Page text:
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Published:November 13, 2013DOI:https://doi.org/10.1016/j.urology.2013.08.079
      As the editorial comment points out, the gap between our knowledge of which markers are expressed on tumor cells and which of these markers will provide a successful therapeutic target has become increasingly apparent. Furthermore, the complexities of signaling pathways have complicated attempts to target receptors identified on tumor tissue: for example, K-ras mutations affect response to epidermal growth factor receptor (EGFR)–targeted therapy. In penile cancer, with nearly ubiquitous EGFR expression and low incidence of K-ras mutation, we might expect some response to EGFR-targeted therapy but will need to interrogate the pathway more comprehensively to understand why some patients benefit and others do not. In addition to biologic questions, there are important, if somewhat mundane clinical questions, that will be hard to answer without collaboration between centers seeing a fair volume of penile cancer, given the small number of cases. Whether EGFR-targeted therapy will be sufficient on its own, which would provide a low-toxicity option, or will be more effective in combination with chemotherapy will be an important question as clinical trials are designed. And, whether we can use oral EGFR-inhibitors rather than the more cumbersome weekly intravenous antibodies is a question of interest to patients. We have been fortunate to treat some of our patients with penile cancer with EGFR-targeted therapy; in addition to the cases presented here, we have seen many other patients benefit. However, without formal prospective data this “off-label” treatment might become increasingly difficult as society struggles to contain the cost of cancer treatment. Referral of patients with penile cancer for clinical trials will be critical to ensure that in the future, access to potentially effective targeted therapy does not become restricted to patients with penile cancer who can afford such treatments.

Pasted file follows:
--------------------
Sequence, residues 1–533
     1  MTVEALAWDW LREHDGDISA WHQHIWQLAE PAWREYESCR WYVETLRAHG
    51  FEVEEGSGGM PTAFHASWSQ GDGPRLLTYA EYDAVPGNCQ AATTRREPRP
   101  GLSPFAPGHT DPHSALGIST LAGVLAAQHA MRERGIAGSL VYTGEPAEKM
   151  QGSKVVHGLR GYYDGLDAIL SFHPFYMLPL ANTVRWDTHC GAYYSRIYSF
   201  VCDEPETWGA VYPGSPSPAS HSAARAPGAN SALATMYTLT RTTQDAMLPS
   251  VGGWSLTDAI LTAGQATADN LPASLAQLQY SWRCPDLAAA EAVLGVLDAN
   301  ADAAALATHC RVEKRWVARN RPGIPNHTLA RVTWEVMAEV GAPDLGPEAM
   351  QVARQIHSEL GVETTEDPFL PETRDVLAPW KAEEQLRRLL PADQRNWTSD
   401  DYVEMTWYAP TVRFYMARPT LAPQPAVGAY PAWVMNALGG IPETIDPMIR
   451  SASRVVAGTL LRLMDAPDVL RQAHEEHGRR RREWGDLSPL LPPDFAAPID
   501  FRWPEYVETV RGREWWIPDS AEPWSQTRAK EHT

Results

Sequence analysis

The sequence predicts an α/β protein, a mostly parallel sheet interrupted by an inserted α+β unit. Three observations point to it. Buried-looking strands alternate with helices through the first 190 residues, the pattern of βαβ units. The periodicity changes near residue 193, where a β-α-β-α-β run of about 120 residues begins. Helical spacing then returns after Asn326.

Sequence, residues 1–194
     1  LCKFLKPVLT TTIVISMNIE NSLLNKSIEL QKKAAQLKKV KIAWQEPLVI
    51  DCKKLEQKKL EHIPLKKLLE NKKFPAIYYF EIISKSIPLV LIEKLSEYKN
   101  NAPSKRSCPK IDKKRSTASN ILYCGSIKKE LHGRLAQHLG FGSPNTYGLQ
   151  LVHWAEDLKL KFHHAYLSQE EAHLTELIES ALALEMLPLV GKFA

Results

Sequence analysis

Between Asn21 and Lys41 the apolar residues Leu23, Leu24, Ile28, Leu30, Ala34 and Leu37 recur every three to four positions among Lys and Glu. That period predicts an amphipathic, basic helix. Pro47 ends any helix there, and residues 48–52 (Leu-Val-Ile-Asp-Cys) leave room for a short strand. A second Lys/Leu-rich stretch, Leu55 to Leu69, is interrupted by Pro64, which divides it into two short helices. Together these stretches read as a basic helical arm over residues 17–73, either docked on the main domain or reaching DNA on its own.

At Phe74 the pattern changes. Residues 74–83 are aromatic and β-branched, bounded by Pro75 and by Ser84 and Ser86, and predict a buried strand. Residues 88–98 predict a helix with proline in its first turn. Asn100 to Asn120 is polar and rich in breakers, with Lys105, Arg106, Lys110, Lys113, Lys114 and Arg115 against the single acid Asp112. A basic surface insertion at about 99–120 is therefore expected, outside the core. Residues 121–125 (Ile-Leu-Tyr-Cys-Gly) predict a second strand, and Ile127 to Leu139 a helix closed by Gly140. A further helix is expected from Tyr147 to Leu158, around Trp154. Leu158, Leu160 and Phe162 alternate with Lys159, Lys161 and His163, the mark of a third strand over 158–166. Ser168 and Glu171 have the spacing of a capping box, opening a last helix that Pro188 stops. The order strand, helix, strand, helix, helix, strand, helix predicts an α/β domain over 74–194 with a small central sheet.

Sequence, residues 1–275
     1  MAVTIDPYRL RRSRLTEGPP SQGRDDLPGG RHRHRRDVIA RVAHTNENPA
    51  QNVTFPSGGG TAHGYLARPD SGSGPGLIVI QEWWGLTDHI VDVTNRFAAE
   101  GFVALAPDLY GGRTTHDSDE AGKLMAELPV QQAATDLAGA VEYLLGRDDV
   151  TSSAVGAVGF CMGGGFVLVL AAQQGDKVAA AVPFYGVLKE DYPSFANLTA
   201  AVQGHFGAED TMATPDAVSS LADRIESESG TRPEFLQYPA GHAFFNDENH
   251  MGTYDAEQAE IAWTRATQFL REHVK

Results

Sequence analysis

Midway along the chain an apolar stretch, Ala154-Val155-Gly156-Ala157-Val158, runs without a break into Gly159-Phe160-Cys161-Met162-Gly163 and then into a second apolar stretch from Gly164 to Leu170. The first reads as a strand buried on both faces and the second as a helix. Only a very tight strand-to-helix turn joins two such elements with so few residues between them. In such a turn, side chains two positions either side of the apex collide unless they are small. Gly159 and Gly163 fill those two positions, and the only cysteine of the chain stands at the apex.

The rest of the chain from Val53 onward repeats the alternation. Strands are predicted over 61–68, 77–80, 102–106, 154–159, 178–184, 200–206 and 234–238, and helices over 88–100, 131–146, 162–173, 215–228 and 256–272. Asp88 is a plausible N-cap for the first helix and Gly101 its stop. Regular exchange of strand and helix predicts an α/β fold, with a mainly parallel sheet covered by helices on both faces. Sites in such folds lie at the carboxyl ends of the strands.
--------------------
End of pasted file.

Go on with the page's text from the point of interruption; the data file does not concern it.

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      • Editorial Comment
        UrologyVol. 83Issue 1
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          Epidermal growth factor receptor (EGFR) is expressed in nonsmall cell lung cancer, head and neck squamous cell carcinoma, colorectal cancer, and breast cancer. In each of these diseases, there are EGFR inhibitors that are approved for these conditions. EGFR is expressed in squamous cell penile cancer.1-3 The question: is it potentially useful in patients with squamous cell penile cancer? There are important parameters whether a target for treatment is important or not. Is the target over expressed, could it be inhibited, is it the predominant target, is it an important factor for growth for this cancer, and could it be given safely.
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